Five ways CEOs can help their business thrive post-COVID-19
With CEOs focused on helping their organisations navigate through and past COVID-19, four distinguished UNSW Business School alumni explore how to best accomplish this not inconsiderable challenge
Leading businesses through and out of the global pandemic is the critical challenge facing toady’s CEOs. Carving out the path back to profitability will require more than just a business model realignment; it will require new skills to lead through whatever comes next.
Challenged by the economic impact of COVID-19, CEOs now have to change the way they lead companies to not only address the global pandemic’s immediate economic effects, but they also must embrace and capitalise on the opportunities that COVID-19 has presented.
Widespread workforce changes and remote working have led to board decision-making becoming more agile and more collaborative, while some businesses have pivoted into other markets to meet new customer demands. However, there is a risk that virtual working arrangements could see leaders lose touch with employees in less visible ways.
Another significant change is the notion that a CEO’s job is to make as much money as possible for the company. Against the backdrop of COVID-19, organisations and their leaders have had to take more responsibility for the wellbeing of their employees.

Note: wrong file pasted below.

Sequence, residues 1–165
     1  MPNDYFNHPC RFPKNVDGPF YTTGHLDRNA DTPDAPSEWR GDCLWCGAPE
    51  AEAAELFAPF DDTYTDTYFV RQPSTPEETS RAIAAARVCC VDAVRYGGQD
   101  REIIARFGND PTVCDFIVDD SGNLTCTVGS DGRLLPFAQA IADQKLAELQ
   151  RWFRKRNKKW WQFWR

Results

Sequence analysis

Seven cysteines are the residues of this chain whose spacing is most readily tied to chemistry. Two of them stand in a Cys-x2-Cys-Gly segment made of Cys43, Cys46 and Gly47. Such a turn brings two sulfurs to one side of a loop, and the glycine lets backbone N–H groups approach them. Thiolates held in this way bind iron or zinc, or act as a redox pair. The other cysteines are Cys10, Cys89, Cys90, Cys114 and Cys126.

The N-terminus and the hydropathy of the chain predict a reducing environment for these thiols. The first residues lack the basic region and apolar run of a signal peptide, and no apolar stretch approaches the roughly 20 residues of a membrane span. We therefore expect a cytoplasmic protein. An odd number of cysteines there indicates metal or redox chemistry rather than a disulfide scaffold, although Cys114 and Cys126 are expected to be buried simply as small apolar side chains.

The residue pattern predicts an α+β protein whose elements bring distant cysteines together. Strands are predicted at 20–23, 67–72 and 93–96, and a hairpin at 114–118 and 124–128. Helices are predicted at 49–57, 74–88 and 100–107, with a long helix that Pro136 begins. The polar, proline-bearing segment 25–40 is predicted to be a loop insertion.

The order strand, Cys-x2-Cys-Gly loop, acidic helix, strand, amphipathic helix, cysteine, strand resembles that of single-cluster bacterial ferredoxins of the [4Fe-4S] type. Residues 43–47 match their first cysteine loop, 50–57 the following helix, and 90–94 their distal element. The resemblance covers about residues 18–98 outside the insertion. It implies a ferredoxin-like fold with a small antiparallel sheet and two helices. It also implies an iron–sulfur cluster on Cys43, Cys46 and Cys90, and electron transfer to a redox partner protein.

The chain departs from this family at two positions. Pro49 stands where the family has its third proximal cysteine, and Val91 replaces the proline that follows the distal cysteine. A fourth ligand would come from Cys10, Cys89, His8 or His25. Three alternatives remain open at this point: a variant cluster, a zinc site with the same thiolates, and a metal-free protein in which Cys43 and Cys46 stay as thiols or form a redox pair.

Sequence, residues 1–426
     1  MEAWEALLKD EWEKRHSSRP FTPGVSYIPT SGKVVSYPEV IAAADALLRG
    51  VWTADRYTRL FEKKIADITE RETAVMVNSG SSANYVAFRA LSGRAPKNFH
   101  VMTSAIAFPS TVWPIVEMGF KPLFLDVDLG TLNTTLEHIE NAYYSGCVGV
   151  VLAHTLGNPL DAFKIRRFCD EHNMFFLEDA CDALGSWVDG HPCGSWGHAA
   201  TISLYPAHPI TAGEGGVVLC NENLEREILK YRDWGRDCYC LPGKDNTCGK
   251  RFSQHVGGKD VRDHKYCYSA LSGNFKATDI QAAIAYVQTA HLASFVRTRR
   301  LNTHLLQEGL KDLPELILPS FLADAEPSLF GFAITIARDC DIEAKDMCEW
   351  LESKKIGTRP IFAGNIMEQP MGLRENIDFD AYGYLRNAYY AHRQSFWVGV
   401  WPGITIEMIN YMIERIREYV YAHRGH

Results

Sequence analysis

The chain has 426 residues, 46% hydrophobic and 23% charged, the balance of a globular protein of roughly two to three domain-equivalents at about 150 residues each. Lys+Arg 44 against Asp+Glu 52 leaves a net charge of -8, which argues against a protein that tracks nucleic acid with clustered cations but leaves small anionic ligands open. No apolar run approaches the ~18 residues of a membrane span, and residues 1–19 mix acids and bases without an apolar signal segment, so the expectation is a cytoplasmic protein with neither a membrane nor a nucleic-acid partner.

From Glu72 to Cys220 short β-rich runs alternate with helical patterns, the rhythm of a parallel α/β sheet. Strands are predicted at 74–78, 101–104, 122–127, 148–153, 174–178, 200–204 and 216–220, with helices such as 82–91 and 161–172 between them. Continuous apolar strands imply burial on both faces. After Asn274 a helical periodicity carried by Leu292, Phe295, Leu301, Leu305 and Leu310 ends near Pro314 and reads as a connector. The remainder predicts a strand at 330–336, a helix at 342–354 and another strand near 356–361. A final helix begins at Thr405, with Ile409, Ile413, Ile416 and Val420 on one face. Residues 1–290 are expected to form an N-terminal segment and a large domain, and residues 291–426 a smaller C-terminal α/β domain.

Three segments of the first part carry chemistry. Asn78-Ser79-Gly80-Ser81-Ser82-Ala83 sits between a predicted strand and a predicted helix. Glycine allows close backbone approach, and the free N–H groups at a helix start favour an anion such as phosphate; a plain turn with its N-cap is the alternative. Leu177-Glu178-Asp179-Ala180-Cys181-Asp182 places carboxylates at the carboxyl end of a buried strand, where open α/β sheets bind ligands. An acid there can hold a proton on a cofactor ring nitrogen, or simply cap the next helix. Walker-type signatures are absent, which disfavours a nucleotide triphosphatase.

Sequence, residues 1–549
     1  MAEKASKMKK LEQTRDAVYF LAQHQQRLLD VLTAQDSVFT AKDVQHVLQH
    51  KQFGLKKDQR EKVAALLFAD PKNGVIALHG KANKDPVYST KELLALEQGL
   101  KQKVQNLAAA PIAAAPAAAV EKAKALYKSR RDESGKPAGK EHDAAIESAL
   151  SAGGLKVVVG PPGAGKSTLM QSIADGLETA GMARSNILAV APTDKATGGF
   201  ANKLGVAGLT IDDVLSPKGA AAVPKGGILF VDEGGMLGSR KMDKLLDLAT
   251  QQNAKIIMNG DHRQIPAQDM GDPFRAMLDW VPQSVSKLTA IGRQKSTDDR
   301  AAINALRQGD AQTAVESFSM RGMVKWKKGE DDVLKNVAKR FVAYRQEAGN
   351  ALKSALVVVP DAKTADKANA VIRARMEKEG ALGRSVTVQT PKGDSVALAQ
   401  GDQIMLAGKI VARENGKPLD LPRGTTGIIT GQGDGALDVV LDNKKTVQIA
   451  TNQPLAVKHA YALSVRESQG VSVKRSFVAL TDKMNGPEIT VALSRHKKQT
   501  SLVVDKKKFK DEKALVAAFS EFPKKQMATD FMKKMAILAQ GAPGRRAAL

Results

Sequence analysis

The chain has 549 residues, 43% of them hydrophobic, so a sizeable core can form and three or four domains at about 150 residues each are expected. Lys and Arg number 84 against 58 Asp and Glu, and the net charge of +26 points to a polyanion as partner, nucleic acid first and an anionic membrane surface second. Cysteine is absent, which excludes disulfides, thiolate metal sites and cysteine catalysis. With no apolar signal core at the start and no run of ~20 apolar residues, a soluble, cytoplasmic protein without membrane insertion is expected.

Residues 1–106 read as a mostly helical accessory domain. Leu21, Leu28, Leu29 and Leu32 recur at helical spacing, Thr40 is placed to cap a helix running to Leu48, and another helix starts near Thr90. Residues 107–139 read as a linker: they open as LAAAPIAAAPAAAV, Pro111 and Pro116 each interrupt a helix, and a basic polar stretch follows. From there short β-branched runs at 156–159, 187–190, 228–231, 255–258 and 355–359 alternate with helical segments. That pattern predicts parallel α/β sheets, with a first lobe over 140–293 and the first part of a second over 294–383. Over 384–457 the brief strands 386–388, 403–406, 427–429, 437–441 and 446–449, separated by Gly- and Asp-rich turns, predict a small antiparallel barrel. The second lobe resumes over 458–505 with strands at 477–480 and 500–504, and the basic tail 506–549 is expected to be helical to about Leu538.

These were some of the recent business changes discussed by a panel of distinguished UNSW Business School alumni on the Business of Recovery webinar, hosted by the UNSW Business School and moderated by UNSW Business alumnus Glenda Korporaal OAM, Associate Editor of Business at The Australian.
Panellists included Guy Templeton, President and CEO of WSP Australia and NZ and member of the UNSW Business Advisory Council; Joanne Spillane, Executive Director and Global Head of Private Capital Markets at Macquarie Capital; and Peeyush Gupta AM, Chair of Charter Hall Long Wale REIT, Director of NAB, SBS and Link Market Services and also a member of the UNSW Business School Advisory Council.
They explored the critical and lasting ways the economic environment post-COVID is likely to differ from pre-COVID, and the key questions CEOs should be asking themselves in order to captialise on these changes and emerge more robust than before.
1. Does your business model reflect the new normal?
Periods of disruption are a time for businesses to reflect upon their business models, as long periods of change “often present headwinds for some, but tailwinds for others”, Mr Gupta said.